The Donlar Corporation is a small company founded in 1990 that is committed to producing environmentally friendlier products. The Donlar Corporation developed an economic way to produce thermal polyaspartate (TPA) in high yield and with little or no waste products. Polyaspartate is a biopolymer synthesized from L-aspartic acid, a natural amino acid. Due in part to the carboxylate groups, polyaspartate has similar properties to the polyacrylates. Thus TPA can be used as a dispersant, an antiscalant, or a superabsorber, but it also has the added benefit of being biodegradeable.1 Biodegradation results in decomposition of TPA to environmentally benign products such as carbon dioxide and water. This negates the necessity for both the removal of TPA during sewage treatment and its disposal in a landfill.
In the process developed by The Donlar Corporation (Scheme 2),7 TPA is made by first heating aspartic acid to temperatures above 180 °C to produce polysuccinimide. This reaction is a step growth polymerization with water eliminated as the only byproduct. Using a catalyst, lower temperatures and shorter reaction times are possible. The yield of the polysuccinimide is ~ 97%.
The second step of the process utilizes aqueous sodium hydroxide at 60 °C to ring open the polysuccinimide to polyaspartate. Because the ring can open in two possible ways, two polymer linkages are observed, an a-linkage and a b-linkage.
Scheme 2. Synthesis of Thermal Polyaspartate
Thermal Polyaspartate--Green Chemistry in ACTION
In April 1997, Donlar opened the world's largest manufacturing facility for biodegradable polyaspartates, in Peru, Illinois. The opening of this facility resulted in commercial availability of TPA. TPA is marketed and sold as a corrosion and scale inhibitor, a dispersing agent, a waste water additive, a superabsorber, and also as an agricultural polymer. As an agricultural polymer, TPA is used to enhance fertilizer uptake by plants. Not only does this mean less fertilizer is added to the soil, but it also reduces the environmental impact from fertilizer run-off.
The Donlar Corporation received the first Presidential Green Chemistry Challenge Award in the small business category in 1996. Donlar has received several U.S. and foreign patents for the manufacture, composition and end use of their bioenvironmental technology.
1. Show the reactions that occur when acrylic acid is crosslinked with trimethylolpropanetriacrylate using a free radical initiator.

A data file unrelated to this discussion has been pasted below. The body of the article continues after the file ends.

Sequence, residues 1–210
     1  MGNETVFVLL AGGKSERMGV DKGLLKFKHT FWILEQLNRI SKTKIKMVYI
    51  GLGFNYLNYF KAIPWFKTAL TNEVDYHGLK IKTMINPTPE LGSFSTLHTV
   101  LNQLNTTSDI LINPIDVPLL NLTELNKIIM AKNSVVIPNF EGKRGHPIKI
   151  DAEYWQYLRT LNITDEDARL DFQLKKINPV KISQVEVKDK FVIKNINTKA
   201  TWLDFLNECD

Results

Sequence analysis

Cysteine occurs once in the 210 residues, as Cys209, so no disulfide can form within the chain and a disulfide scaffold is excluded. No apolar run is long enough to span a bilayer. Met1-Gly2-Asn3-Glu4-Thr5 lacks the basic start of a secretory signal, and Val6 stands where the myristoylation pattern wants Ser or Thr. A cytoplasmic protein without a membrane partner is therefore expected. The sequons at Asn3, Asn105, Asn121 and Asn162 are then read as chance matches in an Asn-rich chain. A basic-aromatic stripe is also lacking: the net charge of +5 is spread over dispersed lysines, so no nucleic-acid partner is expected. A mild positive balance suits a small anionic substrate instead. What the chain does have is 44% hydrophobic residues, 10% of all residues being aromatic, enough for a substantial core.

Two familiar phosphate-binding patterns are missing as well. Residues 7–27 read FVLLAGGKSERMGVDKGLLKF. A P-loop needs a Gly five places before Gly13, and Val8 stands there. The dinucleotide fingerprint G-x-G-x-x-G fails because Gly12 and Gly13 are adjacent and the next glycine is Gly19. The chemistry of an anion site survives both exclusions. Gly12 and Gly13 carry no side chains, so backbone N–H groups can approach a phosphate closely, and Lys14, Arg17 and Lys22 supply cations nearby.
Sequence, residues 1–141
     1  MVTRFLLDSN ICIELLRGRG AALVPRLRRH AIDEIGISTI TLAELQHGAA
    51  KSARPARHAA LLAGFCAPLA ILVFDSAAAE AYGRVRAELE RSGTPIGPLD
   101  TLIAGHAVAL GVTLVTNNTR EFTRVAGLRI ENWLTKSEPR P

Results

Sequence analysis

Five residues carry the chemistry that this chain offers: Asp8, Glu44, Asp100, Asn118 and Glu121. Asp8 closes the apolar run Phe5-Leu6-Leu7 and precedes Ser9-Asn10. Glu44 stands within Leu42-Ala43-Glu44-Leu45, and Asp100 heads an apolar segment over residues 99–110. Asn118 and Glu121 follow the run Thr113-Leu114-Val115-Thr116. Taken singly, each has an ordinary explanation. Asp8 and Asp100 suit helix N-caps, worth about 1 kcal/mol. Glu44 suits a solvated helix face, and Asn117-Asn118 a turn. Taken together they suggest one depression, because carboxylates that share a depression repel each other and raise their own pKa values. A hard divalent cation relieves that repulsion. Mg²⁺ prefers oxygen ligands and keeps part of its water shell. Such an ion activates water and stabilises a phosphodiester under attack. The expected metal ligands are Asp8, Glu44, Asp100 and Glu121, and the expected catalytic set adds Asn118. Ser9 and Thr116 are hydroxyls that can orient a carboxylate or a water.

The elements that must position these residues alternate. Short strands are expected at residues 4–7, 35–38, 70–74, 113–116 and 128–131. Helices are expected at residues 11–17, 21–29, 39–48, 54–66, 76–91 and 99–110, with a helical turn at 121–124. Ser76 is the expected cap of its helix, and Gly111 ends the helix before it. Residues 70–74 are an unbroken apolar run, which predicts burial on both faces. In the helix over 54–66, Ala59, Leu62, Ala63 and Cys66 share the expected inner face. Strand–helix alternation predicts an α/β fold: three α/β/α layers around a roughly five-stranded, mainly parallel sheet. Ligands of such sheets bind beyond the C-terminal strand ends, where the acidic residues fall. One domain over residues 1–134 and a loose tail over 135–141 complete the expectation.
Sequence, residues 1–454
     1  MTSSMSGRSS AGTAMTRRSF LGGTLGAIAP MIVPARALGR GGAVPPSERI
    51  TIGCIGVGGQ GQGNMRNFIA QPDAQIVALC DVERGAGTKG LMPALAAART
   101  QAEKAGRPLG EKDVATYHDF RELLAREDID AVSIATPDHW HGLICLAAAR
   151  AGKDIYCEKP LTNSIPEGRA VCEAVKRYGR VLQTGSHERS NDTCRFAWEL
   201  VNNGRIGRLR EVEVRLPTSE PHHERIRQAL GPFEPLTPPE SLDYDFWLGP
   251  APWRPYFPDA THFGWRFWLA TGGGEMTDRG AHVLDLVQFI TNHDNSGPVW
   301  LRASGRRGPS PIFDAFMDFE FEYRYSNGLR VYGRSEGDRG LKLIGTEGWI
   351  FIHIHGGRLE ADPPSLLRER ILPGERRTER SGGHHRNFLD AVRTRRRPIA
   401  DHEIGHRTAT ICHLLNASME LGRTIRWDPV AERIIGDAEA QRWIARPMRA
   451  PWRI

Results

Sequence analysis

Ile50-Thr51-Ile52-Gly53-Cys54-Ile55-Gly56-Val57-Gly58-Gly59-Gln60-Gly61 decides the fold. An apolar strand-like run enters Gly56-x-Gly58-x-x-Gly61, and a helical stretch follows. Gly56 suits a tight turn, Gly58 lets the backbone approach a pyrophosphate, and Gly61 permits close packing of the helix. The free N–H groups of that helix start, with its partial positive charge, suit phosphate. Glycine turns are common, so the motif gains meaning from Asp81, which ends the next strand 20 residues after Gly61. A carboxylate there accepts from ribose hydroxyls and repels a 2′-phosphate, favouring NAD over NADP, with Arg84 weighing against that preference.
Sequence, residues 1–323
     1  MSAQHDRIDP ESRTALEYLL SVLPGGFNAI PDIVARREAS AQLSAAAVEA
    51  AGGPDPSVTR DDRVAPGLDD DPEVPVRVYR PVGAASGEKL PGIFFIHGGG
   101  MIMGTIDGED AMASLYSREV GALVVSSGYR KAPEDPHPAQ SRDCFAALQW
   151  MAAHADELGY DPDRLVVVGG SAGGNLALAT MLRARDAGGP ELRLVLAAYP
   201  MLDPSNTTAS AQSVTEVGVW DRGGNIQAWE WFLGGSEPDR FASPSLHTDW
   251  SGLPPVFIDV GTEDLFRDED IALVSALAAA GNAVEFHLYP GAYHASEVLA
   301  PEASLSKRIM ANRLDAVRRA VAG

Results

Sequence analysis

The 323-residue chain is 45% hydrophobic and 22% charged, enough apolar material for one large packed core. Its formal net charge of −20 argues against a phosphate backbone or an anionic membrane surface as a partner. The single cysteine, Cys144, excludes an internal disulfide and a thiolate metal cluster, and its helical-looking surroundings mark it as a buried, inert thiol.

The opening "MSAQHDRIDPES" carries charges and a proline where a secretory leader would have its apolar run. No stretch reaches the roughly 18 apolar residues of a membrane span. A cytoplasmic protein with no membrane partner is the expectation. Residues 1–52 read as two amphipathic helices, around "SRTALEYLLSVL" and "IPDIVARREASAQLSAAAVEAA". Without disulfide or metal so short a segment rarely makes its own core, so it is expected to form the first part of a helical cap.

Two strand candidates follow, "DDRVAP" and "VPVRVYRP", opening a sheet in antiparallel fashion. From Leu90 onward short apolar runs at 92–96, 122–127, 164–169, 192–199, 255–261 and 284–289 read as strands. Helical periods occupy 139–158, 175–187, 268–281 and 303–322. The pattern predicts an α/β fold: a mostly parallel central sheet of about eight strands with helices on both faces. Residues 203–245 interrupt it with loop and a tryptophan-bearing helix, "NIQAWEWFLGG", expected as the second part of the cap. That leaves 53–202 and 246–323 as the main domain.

2. In the reaction of acrylic acid and trimethylolpropanetriacrylate, how is the degree of crosslinking controlled?
3. In the ring opening of polysuccinimide to polyaspartate, the b-linkage is the preferred product. Why?
4. Polyanions such as PAC will expand in dilute aqueous solution so that the polymer coils are greatly expanded by the presence of charged groups. Predict what will happen to the polymer coils as the polyelectrolyte concentration increases. This is called the "polyelectrolyte effect".
5. Predict the swelling behavior of PAC in water versus an aqueous solution of NaCl.
6. Compare and contrast the polymer molecular weight in the initial and final stages of step growth polymerization with chain polymerization.
7. Polymeric antiscalants are generally low molecular weight polymers, whereas polymeric dispersants consist of higher molecular weight fractions. In a free radical reaction, what are the controlling factors in the molecular weight of the product?
1. Low, K.C., Atencio, A.M., Meah, A. R., Anderson, D.E., Batzel, D.A., Vallino, B., Rico, B., Ross, R.J., Harms, D., Spurrier, E., Below, F. "Production and Use of Thermal Polyaspartate Polymers", a proposal submitted to the Presidential Green Chemistry Challenge Awards program, 1996.
2. Wood, A. "Acrylics: Versatile Chemistry Adapts to Growth Market Emulsions and Superabsorbents Take the Lead", Chemical Week,1994, (Dec 22), 22.
3. Hater, W. "Environmental Scale Inhibitor for the Mining Industry", Corrosion98, 1998, 213.
4. Commercial poly(aspartic acid) and Its Uses; Low, K. C., Wheeler, A.P., Koskan, L.P. Advances in Chemistry Series 248; American Chemiscal Society: Washington, D.C., 1996.
5. Raloff, J. "EPA Honors a Greening of U.S. Industry", Science News, 1996, 13, 22.
6. Bucholz, F.L. "Superabsorbent Polymers", J. Chem. Ed., 1996, 73, 512.
7. Wheeler, A.P., Koskan, L.P. "Large Scale Thermally Synthesized Polyaspartate as a Substitute in Polymer Applications", Mat. Res. Soc. Symp. Proc., 1993, 292, 277.